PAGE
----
I recently spoke to a sports doctor who told me how he had fainted at work due to low blood pressure. He said he didn’t drink enough water, had a long day and was dehydrated.
He doesn’t normally suffer from low blood pressure, but because he allowed himself to become dehydrated, his BP dropped and that’s what made him faint. Because there are few signs of low blood pressure, even a doctor noticed nothing, other than being thirsty and a little dizzy.
Blood pressure is the pressure your circulating blood applies to the walls of blood vessels. Most of the pressure is due to the heart pumping blood through the circulatory system.
When you are dehydrated, your blood volume drops, decreasing the flow and pressure.
Dehydration can also cause high blood pressure because the heart has to work harder to pump blood throughout your body.
Dehydration and Low Blood Pressure
Low blood pressure can be dangerous. If you’re dehydrated, the risk will increases. It's considered low if your BP reading is lower than 60/90. Some symptoms might include:
This is the feeling of slight dizziness and confusion.
The room feels like it’s spinning and you have to sit down because you feel like you’re going to fall over. You may feel sick. Some people may vomit.
Sometimes your brain switches off and you faint. With low blood pressure, you have less volume transporting blood and oxygen where it needs to go.
You will find it hard to focus on something either far away or close up, and the more you try, the harder it is.
5. Increased thirst
You may feel extra thirsty, especially if low blood pressure results from dehydration. It’s a never-ending cycle. You have low blood pressure due to dehydration, and low blood pressure increases dehydration.
Blood volume is important. It’s the amount of fluid that circulates in your blood vessels. The volume is important to reach all the organs and tissue that need it.
Dehydration leads to a lowering of blood volume, which causes blood pressure to decrease.
If your blood pressure drops too much, your organs don’t receive the oxygenated blood they require. You have the potential to go into shock — low blood pressure is to be avoided.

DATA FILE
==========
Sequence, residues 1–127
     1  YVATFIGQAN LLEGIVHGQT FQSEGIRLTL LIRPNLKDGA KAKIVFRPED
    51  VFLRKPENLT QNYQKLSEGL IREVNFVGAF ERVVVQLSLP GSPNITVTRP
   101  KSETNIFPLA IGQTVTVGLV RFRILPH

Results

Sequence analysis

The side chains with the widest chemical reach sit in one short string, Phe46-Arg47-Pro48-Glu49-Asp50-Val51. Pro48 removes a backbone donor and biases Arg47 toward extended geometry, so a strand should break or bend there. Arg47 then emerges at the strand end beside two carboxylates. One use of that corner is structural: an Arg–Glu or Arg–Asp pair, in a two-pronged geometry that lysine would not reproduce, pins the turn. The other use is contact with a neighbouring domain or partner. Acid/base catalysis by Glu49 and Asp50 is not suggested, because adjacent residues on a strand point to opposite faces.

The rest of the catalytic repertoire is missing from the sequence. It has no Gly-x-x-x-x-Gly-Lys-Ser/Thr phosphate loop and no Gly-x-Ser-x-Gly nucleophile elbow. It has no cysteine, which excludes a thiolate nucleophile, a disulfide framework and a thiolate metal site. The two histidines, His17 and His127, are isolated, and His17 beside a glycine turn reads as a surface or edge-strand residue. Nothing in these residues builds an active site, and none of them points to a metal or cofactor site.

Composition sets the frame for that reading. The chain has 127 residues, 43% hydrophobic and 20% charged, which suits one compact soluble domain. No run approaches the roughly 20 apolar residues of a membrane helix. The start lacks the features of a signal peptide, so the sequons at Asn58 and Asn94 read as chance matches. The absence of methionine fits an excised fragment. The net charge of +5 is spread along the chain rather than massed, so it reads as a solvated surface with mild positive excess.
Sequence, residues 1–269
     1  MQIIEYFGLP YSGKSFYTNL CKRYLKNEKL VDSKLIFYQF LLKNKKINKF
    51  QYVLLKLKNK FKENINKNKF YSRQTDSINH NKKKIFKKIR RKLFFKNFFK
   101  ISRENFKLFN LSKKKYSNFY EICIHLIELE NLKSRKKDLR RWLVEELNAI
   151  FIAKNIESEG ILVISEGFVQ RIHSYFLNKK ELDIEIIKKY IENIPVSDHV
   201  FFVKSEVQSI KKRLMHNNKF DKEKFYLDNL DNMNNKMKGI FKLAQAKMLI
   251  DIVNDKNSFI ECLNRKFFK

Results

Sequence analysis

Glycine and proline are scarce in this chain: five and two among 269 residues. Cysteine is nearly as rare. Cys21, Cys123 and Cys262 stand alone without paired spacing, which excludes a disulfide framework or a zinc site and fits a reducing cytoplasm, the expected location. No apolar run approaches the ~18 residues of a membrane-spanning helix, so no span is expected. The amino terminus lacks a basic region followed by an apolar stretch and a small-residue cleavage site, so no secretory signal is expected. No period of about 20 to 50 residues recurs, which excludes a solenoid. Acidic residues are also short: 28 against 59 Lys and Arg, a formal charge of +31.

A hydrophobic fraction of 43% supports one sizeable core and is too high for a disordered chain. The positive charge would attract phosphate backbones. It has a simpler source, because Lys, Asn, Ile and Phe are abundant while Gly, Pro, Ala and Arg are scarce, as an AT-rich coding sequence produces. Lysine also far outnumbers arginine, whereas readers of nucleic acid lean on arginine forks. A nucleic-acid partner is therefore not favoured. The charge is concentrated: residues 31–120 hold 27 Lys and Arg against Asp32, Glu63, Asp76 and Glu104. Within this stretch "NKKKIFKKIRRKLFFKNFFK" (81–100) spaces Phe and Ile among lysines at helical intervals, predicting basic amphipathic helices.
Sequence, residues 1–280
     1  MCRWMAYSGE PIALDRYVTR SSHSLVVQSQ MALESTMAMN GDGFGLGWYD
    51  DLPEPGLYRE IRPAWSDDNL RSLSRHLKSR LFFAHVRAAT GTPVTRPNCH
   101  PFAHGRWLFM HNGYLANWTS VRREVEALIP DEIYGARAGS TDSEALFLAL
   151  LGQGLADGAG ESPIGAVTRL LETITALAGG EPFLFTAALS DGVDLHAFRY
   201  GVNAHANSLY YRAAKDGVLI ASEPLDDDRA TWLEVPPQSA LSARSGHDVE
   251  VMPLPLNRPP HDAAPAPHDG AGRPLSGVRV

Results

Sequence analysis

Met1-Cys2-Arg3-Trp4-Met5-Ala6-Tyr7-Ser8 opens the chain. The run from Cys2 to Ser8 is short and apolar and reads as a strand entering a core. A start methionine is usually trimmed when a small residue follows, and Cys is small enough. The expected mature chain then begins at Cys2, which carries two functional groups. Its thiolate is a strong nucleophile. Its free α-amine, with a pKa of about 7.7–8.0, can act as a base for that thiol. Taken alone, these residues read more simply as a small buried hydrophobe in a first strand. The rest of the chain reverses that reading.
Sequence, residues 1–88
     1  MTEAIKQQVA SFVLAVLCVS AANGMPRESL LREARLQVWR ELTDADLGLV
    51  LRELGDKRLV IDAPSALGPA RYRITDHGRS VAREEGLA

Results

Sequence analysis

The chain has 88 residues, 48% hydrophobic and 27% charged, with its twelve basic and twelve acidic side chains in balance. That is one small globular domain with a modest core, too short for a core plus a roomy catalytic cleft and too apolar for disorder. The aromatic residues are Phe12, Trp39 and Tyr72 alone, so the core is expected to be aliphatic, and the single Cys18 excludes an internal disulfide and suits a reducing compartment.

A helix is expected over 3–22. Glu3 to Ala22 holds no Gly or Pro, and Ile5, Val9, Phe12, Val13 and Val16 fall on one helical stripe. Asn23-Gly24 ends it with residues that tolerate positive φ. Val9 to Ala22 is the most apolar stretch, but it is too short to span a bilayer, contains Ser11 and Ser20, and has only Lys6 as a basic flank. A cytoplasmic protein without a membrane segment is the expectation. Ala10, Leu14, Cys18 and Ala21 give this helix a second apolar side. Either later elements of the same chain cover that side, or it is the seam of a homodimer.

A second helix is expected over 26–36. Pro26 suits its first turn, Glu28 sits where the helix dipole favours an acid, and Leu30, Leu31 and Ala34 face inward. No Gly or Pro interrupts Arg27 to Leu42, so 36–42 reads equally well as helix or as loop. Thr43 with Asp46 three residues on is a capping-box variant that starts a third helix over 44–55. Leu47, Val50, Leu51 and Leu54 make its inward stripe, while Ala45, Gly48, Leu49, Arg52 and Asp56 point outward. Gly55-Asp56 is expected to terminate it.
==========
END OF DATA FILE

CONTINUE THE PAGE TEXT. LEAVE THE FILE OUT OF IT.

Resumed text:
How to Handle Low Blood Pressure
If you are standing, and you experience one of the symptoms of low blood pressure, sit down, crouch down, or even lay down.
Some people find it beneficial to sit and put their head between their knees. Sit there for a few minutes until you feel better.
You could also bring your hydration levels up by sipping water. Don’t gulp large amounts because it may make you sick.
Other fluids you can rehydrate with include:
1. Water infused with fruit or vegetables
Try infusing your water with lemon or cucumber. Often infused water has a more cooling, hydrating effect.
Use your favorite fruits or vegetables in a smoothie.
Milk is good to sip because it’s cooling and it’s nearly 90 percent water.
Some fruits and vegetables are great for snacking on because they are water positive. They provide a good amount of water.Try cucumber, apple, orange or watermelon.
There are many good ways to ingest water daily.
Tips for dealing with dehydration
1. Try not to get thirsty. If you do, you are already dehydrated.
2. The more exercise you do, the more you need to drink. This is especially so if you sweat.
3. Always carry a water bottle with you so you sip water throughout the day. Try infusing fruit or vegetables if you don’t find water palatable.
4. Don’t drink sugary drinks like soda, energy drinks, sweetened beverages or alcoholic drinks. Many of them are diuretics, so they don’t hydrate you, but often dehydrate you. They cause you to excrete too much fluid.
Low blood pressure can result from dehydration. Your blood volume decreases and your organs won’t get the oxygen they need. Most people don’t link dehydration and low blood pressure.
Don’t go through the day without drinking water. When you are thirsty, you are already dehydrated, which sometimes can lead to low blood pressure, dizziness and fainting.
Have a bottle of water with you and sip throughout the day. Infuse your water with fruits or vegetables.
Avoiding dehydration is key to optimal health. If you get dehydrated and find yourself lightheaded, dizzy, or you have blurred vision, you may be experiencing low blood pressure. Sit or lay down and sip water slowly.
Remember, hydrating throughout the day is the best thing you can do for your body.